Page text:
After the Jazz on the Lake razzmatazz, the City of Johannesburg encouraged musicians to conduct workshops as part of the International Arts Alive Programme.
The Madre Tierra Band conducted a workshop at Isaac Morris Music School in Region D, Soweto, targeting music students.
The workshop focused mainly of the use of saxophone and how it create different rhythms irrespective of the musical genre.
As the band played on, student were tuned to listen to the frequency and the tempo. The instructor, Mr Vernador, stopped here and there to open a discussion about the different rhythms. He did that tactfully, choosing which note to play and the frequency. He emphasised that understanding how to change the timing when playing an instrument is key.
Music student and Soweto resident Gift Nwokorie said: “Music is my calling. I grew up listening to sounds. I was just called to music. It is the language that I understand. So I went to music school because I have a song but struggled with the techniques. I knew I have a gift and I was willing to learn.
“What was outstanding was hearing what we were taught at school being practiced. I was able to relate to the music played. This assured me that I can go to Cuba, play music and still be heard. Music is universal,” said Nwokorie.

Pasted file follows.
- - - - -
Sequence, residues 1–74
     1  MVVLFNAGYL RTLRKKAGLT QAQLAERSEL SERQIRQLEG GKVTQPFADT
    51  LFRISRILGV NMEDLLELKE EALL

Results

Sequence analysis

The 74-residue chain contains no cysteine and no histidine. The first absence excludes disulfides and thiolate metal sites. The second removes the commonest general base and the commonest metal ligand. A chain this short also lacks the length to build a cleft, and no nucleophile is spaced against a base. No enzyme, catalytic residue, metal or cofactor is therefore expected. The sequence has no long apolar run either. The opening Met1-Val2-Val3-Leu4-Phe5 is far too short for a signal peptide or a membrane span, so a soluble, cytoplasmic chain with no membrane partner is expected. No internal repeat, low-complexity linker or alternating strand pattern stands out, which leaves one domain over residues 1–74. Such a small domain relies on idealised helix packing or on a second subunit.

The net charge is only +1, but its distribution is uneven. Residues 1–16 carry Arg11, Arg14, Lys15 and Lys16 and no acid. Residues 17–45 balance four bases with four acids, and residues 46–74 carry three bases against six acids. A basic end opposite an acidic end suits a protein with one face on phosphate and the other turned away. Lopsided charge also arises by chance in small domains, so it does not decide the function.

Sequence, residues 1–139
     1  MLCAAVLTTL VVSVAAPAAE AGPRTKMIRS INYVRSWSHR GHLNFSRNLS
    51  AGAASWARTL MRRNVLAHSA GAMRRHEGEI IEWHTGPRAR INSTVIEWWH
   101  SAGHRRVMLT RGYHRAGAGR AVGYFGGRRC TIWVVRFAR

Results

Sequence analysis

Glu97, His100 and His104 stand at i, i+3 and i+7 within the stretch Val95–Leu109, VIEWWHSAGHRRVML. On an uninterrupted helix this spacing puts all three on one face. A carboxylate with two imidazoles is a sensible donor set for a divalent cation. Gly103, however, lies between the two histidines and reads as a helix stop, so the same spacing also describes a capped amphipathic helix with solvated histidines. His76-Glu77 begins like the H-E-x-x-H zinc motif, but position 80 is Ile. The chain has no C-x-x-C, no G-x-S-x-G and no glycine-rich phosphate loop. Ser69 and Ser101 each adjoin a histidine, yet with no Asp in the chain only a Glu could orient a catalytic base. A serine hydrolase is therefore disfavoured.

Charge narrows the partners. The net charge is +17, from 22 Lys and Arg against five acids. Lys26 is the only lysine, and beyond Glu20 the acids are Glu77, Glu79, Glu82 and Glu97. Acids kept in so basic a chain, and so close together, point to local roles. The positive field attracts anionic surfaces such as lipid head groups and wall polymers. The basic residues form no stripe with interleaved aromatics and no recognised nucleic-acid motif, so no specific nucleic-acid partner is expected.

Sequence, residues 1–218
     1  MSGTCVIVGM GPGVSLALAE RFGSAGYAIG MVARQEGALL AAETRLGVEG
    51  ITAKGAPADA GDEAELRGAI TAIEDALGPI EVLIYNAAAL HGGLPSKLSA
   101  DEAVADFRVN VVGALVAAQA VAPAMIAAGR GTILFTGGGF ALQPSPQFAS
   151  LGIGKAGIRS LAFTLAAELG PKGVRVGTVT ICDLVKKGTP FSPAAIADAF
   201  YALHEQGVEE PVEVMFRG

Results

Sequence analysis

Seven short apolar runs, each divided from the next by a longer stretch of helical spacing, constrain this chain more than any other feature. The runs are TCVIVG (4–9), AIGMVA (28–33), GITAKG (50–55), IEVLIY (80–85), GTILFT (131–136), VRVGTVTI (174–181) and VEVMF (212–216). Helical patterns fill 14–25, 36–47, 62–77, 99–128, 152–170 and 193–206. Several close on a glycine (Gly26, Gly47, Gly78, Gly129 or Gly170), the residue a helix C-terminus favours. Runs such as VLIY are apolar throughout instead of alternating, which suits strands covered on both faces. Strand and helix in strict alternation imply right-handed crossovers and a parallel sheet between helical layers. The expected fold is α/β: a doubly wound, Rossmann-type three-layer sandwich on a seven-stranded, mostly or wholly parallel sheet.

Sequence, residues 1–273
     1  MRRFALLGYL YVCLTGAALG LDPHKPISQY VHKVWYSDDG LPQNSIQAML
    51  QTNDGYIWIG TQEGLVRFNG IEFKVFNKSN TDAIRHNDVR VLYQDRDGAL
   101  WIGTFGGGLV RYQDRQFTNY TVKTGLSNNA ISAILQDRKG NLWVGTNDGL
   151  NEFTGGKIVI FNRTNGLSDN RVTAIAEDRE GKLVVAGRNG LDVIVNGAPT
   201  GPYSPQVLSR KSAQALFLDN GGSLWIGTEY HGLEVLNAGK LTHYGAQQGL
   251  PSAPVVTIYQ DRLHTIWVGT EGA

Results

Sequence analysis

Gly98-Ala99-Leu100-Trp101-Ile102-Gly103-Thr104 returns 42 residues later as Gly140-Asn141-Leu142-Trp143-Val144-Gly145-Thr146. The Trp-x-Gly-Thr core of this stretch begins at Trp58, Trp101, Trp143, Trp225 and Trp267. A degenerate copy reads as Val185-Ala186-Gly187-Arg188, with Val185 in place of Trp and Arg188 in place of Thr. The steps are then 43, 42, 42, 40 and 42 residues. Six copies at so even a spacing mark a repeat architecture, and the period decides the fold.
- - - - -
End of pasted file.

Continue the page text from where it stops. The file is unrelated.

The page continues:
Interaction between the band and students affirmed that these workshops are necessary.
Mr Vernador stressed that playing a musical instrument requires ambition, a willingness to persevere, tenacity, determined and persistence in developing your own style.
This answered Miala Tabala when he asked: “What actually makes a great musician.”
He did not just stop there. Tabala wanted to know the influence of the African rhythm in Cuban music. The answer was music does not have boundaries. Afro-Cuban music could be easily related to the cha-cha-chá, informally called cha-cha, a dance of Cuban origin.
When the workshop ended, students were stuck to their chairs for a couple of minutes wishing that this could go on and on. Unfortunately nothing really lasts forever.